Earth to aanu

I don’t believe we can be satisfied.

Photo by Matthew Wiebe on Unsplash

Happiness is such a temporary thing if you let your Joy be dependent on it. The moment you stop feeling that joy and rush, you return to where you started in a pit of despair or just standing at its edge.

What makes us happy is the fulfillment of our desires, whether we are aware of such wants or not. However, we are moved to joy and probably tears when we feel safe in our hopes.

If you never wanted money, getting some would only lead to a nod of acknowledgement and not a leap of Joy. So, the saying that we can choose to be happy is absolutely true until we forget to keep making that choice.

Personally, I get so wrapped up in my triumph or glee that I forget when I was in misery over an issue. So when the rush of the glee is over, I crash back to the floor with new aspirations and desires. Maybe that’s one of the beauties of humanity.

The constant want for something.

How nice would it be just to be satisfied with everything? To take a break from the ups and downs. To come to that point where you say, I don’t need anything anymore; I have found my perfect place in the world.

Unfortunately, I have found out that even the most satisfied people still have a knack for something more. Maybe they aspire to be more satisfied or have the instinct to wish for more—even the simplest things like touch.

The ability to keep wanting is human itself. The moment you stop wanting, the world leaves you behind, and you cease to exist. So, that pull to wish, hope, and dream is all humane. If we sit too long at a spot, we get used to the position. So, the option to remain there or start to seek a table presents itself.

So, what do you want more of? Be honest with yourself. What have you given the power to control your Joy? Money, marriage, ambitions, faith, position, family, or anything that brings you fulfillment.

I am not dismissing your source of joy, whether long-term or short-term. But get this: You are not in control of your happiness, but you are in control of whatever is in control of your happiness.

Whatever you desire can spoil or fix your mood at any time of the day, but the only thing I can assure you have control over is how you spin it to prolong your joy.

But to what limit do we want to prolong our joy? Joy, happiness, glee, everything related, isn’t exactly good in large proportion.

Everything needs balance now and then. It’s like when we cry when we are happy. There are different theories, scientifically or whatever proven, but my favourite is the need for balance.

Those tears are not random. They help emotional stability. People who cry from happiness when overwhelmed can recover better from the original feeling that caused them to cry. “Research” suggests that we experience intense emotions that become unmanageable and overwhelming — even if the feelings in question are joy, delight, or gratitude — we cry to release these emotions and begin calming down immediately. Some sort of experts also believe crying reflects feelings that are difficult to express or comprehend.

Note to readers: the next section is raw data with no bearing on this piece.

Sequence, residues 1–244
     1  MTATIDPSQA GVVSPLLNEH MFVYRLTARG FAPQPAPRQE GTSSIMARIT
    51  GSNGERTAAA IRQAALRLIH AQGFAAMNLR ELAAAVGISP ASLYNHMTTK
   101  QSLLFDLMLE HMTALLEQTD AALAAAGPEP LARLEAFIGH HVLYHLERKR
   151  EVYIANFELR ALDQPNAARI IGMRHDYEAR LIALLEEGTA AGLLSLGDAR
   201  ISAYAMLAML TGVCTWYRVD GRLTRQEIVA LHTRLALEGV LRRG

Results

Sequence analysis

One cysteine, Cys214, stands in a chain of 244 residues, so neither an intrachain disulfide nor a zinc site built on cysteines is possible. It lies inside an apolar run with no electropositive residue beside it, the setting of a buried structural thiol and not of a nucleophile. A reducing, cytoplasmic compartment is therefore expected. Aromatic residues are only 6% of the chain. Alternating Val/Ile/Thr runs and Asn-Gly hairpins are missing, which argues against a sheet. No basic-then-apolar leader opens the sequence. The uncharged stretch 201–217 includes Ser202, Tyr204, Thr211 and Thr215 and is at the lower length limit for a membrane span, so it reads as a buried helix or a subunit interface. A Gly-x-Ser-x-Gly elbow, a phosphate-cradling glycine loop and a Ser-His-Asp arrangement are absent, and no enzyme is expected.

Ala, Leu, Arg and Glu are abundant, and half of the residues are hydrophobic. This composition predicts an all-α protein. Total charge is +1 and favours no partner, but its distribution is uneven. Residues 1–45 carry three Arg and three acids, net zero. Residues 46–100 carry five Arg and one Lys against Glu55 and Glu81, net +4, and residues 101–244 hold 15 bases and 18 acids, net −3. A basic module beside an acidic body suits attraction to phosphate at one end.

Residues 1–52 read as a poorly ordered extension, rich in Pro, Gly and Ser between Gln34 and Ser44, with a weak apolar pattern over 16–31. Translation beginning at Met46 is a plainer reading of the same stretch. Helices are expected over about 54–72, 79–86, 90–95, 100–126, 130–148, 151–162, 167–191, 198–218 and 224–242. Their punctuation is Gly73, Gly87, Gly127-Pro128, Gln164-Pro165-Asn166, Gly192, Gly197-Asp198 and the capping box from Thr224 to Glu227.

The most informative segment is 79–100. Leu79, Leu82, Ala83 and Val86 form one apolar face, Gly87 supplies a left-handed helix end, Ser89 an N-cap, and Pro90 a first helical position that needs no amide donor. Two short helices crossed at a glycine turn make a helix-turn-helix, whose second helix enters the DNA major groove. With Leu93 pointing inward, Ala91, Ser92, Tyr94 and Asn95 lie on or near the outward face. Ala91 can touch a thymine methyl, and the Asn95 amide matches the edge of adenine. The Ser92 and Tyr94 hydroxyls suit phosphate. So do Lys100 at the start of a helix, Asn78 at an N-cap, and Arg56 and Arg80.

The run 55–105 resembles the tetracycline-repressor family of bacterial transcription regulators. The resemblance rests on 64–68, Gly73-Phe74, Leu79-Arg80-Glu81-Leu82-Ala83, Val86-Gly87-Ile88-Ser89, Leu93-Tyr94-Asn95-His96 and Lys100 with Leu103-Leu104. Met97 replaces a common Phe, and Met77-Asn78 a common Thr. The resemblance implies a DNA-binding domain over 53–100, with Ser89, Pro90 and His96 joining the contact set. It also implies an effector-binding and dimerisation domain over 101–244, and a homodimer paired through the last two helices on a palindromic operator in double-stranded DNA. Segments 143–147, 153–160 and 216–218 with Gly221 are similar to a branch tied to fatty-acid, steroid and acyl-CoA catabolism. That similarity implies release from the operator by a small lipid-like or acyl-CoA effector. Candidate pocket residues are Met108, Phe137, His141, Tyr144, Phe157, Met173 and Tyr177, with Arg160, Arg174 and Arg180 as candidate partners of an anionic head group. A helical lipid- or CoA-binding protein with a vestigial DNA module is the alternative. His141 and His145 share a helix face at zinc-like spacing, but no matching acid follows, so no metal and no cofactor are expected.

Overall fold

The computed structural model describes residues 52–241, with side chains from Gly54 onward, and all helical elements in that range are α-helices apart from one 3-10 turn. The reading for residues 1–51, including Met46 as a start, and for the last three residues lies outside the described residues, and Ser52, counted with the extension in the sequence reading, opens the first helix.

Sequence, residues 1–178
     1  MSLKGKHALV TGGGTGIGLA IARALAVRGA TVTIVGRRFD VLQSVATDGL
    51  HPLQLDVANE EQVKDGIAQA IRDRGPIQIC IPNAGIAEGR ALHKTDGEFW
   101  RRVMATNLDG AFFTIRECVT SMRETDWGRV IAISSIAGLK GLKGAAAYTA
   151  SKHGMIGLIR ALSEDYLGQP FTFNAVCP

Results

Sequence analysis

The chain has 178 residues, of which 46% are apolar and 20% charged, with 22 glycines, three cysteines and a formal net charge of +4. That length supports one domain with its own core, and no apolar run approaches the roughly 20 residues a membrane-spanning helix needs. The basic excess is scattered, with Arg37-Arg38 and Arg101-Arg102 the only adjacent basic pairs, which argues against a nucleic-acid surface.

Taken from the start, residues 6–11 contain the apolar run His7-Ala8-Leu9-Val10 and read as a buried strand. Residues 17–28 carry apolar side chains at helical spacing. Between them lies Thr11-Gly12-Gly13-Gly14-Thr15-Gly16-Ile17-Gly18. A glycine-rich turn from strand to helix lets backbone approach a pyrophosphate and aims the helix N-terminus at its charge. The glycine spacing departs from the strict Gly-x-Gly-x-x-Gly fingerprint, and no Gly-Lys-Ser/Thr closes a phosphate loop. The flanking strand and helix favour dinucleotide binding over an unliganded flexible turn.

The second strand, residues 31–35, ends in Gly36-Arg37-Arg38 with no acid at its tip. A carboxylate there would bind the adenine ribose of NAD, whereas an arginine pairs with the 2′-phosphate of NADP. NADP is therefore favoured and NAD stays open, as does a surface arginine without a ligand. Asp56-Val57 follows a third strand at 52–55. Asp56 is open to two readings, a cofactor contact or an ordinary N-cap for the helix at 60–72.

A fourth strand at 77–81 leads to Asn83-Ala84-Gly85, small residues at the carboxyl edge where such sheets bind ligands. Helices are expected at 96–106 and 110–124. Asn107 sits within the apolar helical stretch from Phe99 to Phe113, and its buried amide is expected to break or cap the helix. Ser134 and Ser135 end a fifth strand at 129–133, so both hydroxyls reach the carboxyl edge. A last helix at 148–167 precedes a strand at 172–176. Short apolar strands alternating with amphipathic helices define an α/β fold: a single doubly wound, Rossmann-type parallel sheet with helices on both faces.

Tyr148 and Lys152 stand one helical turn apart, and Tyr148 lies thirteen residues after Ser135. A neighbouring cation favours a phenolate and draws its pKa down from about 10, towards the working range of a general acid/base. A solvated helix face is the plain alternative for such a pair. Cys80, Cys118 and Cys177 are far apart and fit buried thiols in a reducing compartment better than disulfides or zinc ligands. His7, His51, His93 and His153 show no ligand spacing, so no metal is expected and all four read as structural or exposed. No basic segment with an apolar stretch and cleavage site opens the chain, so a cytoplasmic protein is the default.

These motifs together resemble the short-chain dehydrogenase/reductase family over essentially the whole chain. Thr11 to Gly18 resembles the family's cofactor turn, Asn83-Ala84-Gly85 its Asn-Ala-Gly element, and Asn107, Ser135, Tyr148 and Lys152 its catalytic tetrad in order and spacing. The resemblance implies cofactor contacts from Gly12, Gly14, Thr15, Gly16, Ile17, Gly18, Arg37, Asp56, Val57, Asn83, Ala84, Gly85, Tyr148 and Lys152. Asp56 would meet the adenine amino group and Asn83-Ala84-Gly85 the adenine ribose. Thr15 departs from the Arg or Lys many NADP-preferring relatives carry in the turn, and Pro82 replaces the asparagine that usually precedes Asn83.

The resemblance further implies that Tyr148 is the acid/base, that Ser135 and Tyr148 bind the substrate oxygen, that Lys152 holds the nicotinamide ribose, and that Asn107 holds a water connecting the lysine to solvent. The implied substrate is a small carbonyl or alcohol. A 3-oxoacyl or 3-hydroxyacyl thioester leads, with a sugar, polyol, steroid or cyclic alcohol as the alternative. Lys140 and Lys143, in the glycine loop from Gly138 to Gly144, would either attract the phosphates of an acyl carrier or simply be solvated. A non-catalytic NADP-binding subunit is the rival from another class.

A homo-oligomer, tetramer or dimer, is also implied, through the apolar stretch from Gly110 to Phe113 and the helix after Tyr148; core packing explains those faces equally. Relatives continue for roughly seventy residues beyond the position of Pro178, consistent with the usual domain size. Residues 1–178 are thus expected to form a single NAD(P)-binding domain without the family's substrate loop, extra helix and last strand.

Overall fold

I think that’s absolutely beautiful.

Considering all this, I would like us to acknowledge our triggers. What drives your joy? How much control do they have over your happiness?

And lastly, is it worth it? Can you justify why this source should drive your sense of fulfilment?

I can justify my faith. I understand that I am seeking a deeper relationship with the creator for peace and hope amidst the chaos, and when the time is right, I can be in a state where my need for wanting more doesn’t exist.

Also, I can justify my love and need to speak with my family. They are my number one supporters and my first community. I learnt a version of myself, the first community I belonged to. Whether as Aanu, Nunu, Aanuoluwa, or Daddy’s angel — whatever the label, my initial sense of self sprouted from home. So, I understand the rush I feel when Someone comes to visit or when somebody calls for the third time in a day.

I have many other sources of joy, some delusional, some unattainable, and some not justifiable, but they exist with time.

As I have grown, my interests have evolved, and my priorities have shifted, leaving me with a vast possibility of what can drive me in the future based on the circumstances. An example of that is money and ambitions.

Unfortunately and fortunately, some of us do not have the luxury of that driving passion or dream for which we can drop everything. So, we have to learn what we want to do. Personally, I have a goal to be successful, comfortable and at peace. In other words, I want to pile up money and achievements without having my happiness based on that. So, everything I do is guided toward that goal in mind. So, I try to be joyful inspite of and not because of.

Until now, I don’t believe I’ve fully reached that stage, but I’m moving in that direction. I’m making an effort to appreciate what I have and discover happiness beyond my possessions. The love for success is a slippery path; You can have all the money and achievements in the world. But, if you are grateful for nothing, you will never see life improve. It’s like everything falls into the black hole of things we take for granted.

After all is said and done, the end of desire is finally attaining an ultimate need that would reduce all other needs to nothing. So, Even in eliminating want, there is a desire and need to want to want nothing.

As I do not believe in satisfaction, I believe we can be satisfied by finding what we truly want, justifying it and never losing focus on its purpose in our lives. It’s there to guide us and not control us.


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